After electrophoresis, the gels were scanned with Typhoon 9400 scanner (GE Healthcare) with the appropriate excitation and emission wavelengths for Cy2, Cy3 and Cy5 dyes (Figure S1). Differential expression analysis was performed using DeCyder software v 7.0 and multivariate statistical module Extended Data Analysis (GE Healthcare). All the protein spots that showed statistical significant changes (p ≤ 0.05) in their expression (average ratio ≥1.5) were further analyzed by mass spectrometry (MS).
MS analysis and protein identification
Differentially expressed spots were selected from colloidal Coomassie preparative gels for excision and tryptic digestion.18 The analysis of the peptides extracted was carried out in a 4700 MALDI-TOF/TOF instrument (AB Sciex) combining MS and MS/MS data for each spot. Combined data with a mass tolerance of 50 ppm were used to search in a nonredundant protein database (National Center for Biotechnology Information [NCBI], Bethesda, MD, USA) and Rattus norvegicus Swiss-prot database through the Mascot software (Matrix Science), integrated in the Global Protein Server Workstation as described.19
Primary antibodies of Nrf2 (1:500, sc-722; Santa Cruz Biotech), Keap-1 (1:500, sc-15246; Santa Cruz Biotech), GPX-3 (1:500, ab59524; Abcam), GST (1:500, ab96043; Abcam), PRDX-1 (1:500, sc-21948R; Santa Cruz Biotech) and GADPH (1:5000, mab374; Millipore) were used for Western blotting with their respective specific horseradish peroxidase-conjugated secondary antibodies (GE Healthcare).
IHC and DHE staining
Paraffin sections of the kidney (n=6, each) were mounted on slides and used for immunohistochemistry (IHC). Primary antibodies, the same used in Western blot assay, were incubated overnight at 4°C, with biotin-labeled antibodies (anti-rabbit; GE Healthcare) and developed using the avidin–biotin–peroxidase complex (Dako Diagnósticos SA, Barcelona, Spain), and 3,3′-diaminobenzidine as chromogen. The sections were counterstained with Carazzi’s hematoxylin for nucleus staining. The negative controls used were nonspecific Ig of the same isotype. The quantification was made by determining the total number of positive cells in 20 randomly chosen fields (400×) using Image-Pro Plus software (Media Cybernetics, Rockville, MD, USA). To assess superoxide production, dihydroethidium (DHE) fluorescence of kidney tissue sections was visualized by fluorescence microscopy, as previously described.20 The data were expressed as positive stained area vs. total analyzed area.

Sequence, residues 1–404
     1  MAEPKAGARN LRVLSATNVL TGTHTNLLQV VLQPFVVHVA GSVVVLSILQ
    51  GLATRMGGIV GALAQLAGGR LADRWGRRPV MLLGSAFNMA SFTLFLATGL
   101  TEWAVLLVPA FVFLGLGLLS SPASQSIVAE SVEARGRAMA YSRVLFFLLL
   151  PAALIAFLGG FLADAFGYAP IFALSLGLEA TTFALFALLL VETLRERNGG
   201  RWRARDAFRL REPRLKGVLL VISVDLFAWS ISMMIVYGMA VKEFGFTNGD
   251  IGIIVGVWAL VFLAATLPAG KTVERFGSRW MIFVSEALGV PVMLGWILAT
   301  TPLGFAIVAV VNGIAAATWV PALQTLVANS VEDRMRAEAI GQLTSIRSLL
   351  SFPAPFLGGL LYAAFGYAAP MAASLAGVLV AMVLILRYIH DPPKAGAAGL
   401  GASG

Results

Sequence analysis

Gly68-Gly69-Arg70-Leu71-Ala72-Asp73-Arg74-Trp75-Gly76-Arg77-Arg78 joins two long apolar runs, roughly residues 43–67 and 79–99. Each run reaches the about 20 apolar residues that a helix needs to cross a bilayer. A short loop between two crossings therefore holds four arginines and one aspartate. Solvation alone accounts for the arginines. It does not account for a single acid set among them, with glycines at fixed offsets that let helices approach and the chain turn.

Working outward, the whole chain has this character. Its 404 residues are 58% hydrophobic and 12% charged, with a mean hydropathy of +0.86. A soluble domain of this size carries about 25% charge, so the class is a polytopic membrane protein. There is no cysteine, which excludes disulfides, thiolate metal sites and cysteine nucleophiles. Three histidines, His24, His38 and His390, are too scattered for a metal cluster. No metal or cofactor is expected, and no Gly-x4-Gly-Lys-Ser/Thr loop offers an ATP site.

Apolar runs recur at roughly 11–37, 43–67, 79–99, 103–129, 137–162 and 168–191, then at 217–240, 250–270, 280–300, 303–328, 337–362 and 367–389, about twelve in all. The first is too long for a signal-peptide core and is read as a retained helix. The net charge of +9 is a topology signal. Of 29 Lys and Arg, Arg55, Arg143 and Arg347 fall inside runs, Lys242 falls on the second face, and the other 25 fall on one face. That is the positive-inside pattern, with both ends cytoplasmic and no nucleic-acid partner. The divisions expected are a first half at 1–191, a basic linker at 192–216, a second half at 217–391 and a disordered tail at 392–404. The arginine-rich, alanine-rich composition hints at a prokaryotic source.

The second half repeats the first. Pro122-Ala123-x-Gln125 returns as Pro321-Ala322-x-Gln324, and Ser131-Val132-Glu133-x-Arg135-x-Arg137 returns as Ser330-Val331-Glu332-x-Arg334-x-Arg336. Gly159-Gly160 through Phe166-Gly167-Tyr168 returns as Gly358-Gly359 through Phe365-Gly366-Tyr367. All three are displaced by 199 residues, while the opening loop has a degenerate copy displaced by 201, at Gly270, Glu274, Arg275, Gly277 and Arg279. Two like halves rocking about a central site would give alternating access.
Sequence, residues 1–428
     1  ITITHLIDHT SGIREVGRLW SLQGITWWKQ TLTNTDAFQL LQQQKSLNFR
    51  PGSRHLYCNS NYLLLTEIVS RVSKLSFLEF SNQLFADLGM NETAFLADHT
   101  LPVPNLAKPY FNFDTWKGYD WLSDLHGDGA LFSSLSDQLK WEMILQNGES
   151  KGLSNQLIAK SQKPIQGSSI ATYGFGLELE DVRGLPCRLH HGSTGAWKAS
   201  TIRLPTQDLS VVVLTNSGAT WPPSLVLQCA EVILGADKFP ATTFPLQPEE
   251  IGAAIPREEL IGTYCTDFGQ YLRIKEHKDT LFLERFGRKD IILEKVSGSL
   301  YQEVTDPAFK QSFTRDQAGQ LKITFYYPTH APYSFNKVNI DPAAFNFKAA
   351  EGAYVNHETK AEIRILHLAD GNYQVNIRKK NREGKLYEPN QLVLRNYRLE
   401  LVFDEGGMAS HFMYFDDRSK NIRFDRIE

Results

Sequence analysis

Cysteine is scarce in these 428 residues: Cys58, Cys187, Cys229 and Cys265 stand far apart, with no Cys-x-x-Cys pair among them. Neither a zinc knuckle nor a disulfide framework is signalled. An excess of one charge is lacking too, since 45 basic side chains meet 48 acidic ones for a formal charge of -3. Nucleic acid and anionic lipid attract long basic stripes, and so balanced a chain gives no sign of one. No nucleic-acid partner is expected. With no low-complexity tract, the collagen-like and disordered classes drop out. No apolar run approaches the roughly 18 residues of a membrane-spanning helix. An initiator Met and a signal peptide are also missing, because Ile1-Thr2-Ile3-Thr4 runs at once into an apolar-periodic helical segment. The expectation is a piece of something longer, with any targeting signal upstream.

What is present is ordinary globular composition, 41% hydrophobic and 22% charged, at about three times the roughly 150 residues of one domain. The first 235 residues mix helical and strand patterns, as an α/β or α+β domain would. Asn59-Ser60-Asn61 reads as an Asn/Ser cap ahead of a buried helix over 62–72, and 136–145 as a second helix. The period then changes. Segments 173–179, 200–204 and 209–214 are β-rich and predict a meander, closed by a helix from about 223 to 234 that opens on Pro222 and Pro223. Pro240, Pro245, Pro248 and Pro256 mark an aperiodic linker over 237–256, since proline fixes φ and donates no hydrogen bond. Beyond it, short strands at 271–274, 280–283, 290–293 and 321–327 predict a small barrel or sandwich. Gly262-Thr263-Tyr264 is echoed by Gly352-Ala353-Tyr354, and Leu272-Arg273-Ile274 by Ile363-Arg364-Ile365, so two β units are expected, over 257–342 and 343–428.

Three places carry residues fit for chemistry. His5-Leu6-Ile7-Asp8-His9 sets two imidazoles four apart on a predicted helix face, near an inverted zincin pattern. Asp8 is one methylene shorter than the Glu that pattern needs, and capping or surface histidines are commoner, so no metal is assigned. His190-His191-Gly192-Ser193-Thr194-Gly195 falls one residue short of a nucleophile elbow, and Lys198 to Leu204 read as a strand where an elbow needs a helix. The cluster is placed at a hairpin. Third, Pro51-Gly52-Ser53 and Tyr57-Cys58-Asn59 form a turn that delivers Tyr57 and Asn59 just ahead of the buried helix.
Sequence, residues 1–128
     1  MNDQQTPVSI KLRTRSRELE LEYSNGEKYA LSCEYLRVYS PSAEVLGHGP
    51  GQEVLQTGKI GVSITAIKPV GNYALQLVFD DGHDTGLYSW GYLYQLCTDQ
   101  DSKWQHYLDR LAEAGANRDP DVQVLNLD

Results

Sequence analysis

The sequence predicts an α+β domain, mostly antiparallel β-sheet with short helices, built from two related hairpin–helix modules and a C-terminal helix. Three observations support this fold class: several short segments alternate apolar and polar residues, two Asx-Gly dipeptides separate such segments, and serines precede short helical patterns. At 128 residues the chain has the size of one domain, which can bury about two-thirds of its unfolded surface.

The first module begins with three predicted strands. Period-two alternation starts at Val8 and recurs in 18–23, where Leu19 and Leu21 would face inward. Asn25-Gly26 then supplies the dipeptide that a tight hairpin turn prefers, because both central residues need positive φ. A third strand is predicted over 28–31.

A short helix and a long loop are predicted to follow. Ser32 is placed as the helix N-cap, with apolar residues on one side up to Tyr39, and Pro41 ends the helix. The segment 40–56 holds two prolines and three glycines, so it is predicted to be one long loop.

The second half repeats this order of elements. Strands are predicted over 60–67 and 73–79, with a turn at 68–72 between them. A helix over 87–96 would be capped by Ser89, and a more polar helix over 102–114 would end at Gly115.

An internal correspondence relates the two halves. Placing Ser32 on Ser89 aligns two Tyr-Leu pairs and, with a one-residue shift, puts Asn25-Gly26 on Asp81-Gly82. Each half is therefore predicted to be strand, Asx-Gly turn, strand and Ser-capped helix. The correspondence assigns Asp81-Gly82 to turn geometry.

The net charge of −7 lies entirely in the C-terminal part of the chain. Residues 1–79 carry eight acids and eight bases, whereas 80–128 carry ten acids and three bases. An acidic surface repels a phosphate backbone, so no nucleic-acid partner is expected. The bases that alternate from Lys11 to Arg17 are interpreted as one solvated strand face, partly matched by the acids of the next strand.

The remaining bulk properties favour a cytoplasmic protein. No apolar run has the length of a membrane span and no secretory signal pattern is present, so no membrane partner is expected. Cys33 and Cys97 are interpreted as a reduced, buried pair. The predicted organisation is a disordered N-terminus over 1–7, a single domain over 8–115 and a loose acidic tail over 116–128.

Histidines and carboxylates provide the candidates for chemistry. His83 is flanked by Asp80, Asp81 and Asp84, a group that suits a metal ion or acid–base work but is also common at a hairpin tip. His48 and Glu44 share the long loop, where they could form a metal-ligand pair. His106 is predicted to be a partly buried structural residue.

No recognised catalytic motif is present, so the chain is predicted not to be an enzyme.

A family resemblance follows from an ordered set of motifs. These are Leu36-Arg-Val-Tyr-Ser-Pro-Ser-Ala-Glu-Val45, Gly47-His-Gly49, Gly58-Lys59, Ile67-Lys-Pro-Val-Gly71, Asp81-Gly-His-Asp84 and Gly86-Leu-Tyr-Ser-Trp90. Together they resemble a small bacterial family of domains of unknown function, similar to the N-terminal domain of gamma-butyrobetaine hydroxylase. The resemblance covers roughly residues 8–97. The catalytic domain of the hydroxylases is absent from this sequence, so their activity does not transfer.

miRNAs profiling and qPCR
The kidneys were lysed using a Bullet Blender (Next Advance, Inc) according to the manufacturer’s instructions. Briefly, approximately 30–40 mg of frozen kidney was homogenized in 2 volumes of Qiazol reagent (Qiagen GmbH, Hilden, Germany) and then centrifuged at 10,000 g for 15 min at 4°C. The RNA from supernatant was extracted by Trizol method. Pool of miRNAs was extracted by using a Qiagen miRNeasy Mini Kit (Qiagen GmbH). miRNAs were quantified by Agilent 2100 Bioanalyzer. Reverse transcription was conducted using miRNA First Strand Kit (Qiagen GmbH). A quantitative polymerase chain reaction (qPCR) array was carried out using ABI 7900HT System (Applied Biosystems, Foster City, CA, USA) to analyze rat microRNAs (RT2 miRNA PCR array; SABiosciences).
The miRNA qPCR array data analysis was carried out in SABiosciences web portal (http://www.sabiosciences.com/pcrarraydataanalysis.php).
Total RNA was extracted using Qiazol (Qiagen GmbH) from rat kidney according to the manufacturer’s instructions. Reverse transcription of 2 µg of total RNA was made using High Capacity DNA Reverse Transcription kit (Applied Biosystems). Expression levels of rno-miR-16-5p (ID: 000391), rno-miR-21-5p (ID: 000397), rno-miR-26b-5p (ID: 000407), rno-miR-27b-3p (ID: 000409), rno-miR-200a-3p (ID: 000502) and U6snRNA (ID: 001973 as housekeeping) were evaluated with specific TaqMan MicroRNA Assays in single-plex by PCR using the 7500 Fast Real Time PCR System (Applied Biosystems). The fold change for each miRNA was calculated using this method with U6 small nuclear RNA as the endogenous control. All reactions were done in triplicate for each sample.
In vitro studies in HK2
An immortalized proximal tubule epithelial cell line from normal adult human kidney HK-2 (ATCC CRL-2190) was used for in vitro assays. HK-2 cells were grown in RPMI 1640 medium (Sigma-Aldrich, St Louis, MO, USA) with 10% heat-inactivated fetal bovine serum, 100 units/ml penicillin, 100 μg/ml streptomycin, 2 mM glutamine, insulin transferrin selenite (5 μg/ml) and hydrocortisone (36 ng/ml) (Sigma-Aldrich) at 37°C in a 5% CO2 atmosphere. At confluence, cells were growth-arrested in serum-free medium for 24 h before the experiments. The hyperglycemic conditions were mimicked by incubation (24 h) with high concentration of D-glucose (33 mM; Sigma-Aldrich). Some cells were pretreated with sitagliptin (1 h, 0.05 and 0.1 μM).21